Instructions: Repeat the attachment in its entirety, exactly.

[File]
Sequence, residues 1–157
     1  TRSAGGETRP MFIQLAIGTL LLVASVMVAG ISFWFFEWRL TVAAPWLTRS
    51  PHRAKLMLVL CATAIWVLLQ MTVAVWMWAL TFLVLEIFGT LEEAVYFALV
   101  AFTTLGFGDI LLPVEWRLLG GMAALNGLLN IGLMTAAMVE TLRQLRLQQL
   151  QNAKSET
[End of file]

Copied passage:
Sequence, residues 1–157
     1  TRSAGGETRP MFIQLAIGTL LLVASVMVAG ISFWFFEWRL TVAAPWLTRS
    51  PHRAKLMLVL CATAIWVLLQ MTVAVWMWAL TFLVLEIFGT LEEAVYFALV
   101  AFTTLGFGDI LLPVEWRLLG GMAALNGLLN IGLMTAAMVE TLRQLRLQQL
   151  QNAKSET